There may soon be a new way to make molecules to form the basis of pharmaceuticals, fuels, materials, agrochemicals and an array of other products in our modern life. Chemists at Berkeley Lab have successfully married chemistry and biology to create reactions never before possible.
Berkeley Lab researchers in the Computing Sciences Division have developed a new mathematical framework that allows researchers to capture fluid dynamics at unprecedented detail. The work could be used in a range of applications, like optimizing the shape of a propeller blade and the ejection of ink droplets in printers.
A prototype system that will test a planned array of 5,000 robots for a sky-mapping instrument is taking shape at Berkeley Lab. Dubbed ProtoDESI, the scaled-down, 10-robot system will run through a series of tests on a telescope in Arizona from August-September.
Lesbian, Gay, Bisexual, and Transgender Pride Month is celebrated each year in the month of June to honor the 1969 Stonewall riots in Manhattan. The Stonewall riots were a tipping point for the Gay Liberation Movement in the United States. As part of Pride Month, we profile employees Deb Agarwal, Elijah Goodfriend, and Andrew Hagen.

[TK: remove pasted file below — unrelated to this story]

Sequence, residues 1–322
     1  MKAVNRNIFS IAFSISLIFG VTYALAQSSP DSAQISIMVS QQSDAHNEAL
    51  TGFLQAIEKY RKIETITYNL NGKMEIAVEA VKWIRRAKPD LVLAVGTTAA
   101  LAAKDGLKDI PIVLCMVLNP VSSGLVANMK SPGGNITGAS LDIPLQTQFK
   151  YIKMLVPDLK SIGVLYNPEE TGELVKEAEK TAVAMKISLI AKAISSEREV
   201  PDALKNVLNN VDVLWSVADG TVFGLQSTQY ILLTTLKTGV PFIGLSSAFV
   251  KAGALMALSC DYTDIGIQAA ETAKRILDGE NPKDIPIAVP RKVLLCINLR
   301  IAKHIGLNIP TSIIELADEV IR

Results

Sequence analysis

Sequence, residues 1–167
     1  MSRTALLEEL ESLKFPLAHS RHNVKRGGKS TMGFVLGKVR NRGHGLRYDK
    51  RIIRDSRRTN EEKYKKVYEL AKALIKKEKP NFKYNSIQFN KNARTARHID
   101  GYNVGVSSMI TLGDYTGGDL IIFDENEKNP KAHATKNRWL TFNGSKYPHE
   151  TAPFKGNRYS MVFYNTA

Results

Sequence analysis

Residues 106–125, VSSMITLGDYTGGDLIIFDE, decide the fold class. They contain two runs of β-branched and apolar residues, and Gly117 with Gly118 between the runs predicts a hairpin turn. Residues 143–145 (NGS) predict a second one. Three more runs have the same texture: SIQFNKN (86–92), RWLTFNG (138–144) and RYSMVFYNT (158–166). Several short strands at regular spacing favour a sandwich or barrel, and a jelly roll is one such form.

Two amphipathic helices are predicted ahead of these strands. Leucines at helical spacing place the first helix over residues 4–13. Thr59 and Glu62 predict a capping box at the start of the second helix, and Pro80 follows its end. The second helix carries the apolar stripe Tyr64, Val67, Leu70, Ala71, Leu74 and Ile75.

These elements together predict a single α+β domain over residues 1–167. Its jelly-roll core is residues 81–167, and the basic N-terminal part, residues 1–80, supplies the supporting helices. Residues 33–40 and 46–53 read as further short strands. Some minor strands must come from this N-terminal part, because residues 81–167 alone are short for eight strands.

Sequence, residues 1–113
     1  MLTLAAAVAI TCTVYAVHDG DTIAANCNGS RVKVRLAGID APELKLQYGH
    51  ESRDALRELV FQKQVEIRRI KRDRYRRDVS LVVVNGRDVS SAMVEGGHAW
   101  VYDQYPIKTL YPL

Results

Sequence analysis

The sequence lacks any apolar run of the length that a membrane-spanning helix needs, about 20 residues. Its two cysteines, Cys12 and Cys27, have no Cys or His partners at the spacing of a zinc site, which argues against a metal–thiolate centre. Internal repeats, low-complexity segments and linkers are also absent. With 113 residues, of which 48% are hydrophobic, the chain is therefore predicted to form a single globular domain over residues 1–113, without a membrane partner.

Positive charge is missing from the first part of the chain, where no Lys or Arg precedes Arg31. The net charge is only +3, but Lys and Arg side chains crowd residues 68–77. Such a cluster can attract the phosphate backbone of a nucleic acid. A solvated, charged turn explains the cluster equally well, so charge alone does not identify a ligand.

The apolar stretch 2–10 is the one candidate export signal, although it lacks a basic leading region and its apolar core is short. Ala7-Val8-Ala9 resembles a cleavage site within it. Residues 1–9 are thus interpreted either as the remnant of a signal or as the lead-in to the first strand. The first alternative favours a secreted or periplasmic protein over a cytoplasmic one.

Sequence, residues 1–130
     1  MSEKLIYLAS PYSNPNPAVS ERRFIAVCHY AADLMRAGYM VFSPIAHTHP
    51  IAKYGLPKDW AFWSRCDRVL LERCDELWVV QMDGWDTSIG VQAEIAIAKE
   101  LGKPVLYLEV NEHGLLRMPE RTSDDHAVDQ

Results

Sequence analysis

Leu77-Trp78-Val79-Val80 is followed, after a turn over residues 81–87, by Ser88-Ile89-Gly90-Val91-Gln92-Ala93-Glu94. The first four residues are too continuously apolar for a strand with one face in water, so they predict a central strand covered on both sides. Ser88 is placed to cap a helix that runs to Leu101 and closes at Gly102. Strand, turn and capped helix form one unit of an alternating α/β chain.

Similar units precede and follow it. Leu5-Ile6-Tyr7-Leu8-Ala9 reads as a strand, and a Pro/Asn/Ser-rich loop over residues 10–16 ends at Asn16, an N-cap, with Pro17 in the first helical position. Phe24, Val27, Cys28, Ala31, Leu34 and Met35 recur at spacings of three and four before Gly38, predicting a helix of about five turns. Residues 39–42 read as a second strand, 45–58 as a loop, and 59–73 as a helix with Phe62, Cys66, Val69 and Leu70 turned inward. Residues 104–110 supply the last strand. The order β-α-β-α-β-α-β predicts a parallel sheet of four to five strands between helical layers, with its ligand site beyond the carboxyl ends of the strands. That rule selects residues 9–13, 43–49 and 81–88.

A new study led by a Berkeley Lab scientist and UC Berkeley professor establishes for the first time copper’s role in fat metabolism, further burnishing the metal’s reputation as an essential nutrient for human physiology. Researchers want to explore if a copper deficiency is linked to obesity and obesity related diseases.
Kathryn Zurek realized a decade ago we may be searching in the wrong places for clues to the unsolved mystery of dark matter. Despite making up 85 percent of the total mass of the universe, we haven’t yet figured out what it’s made of. Now, thanks to extraordinary improvements in experimental sensitivity, “we increasingly know where not to look,” she says.
A new class of semiconductor was discovered that is only three atoms thick and which extends in a two-dimensional plane, similar to graphene. These 2-D semiconductors, have exceptional optical characteristics, and could lead to improved semiconductors or new functionalities.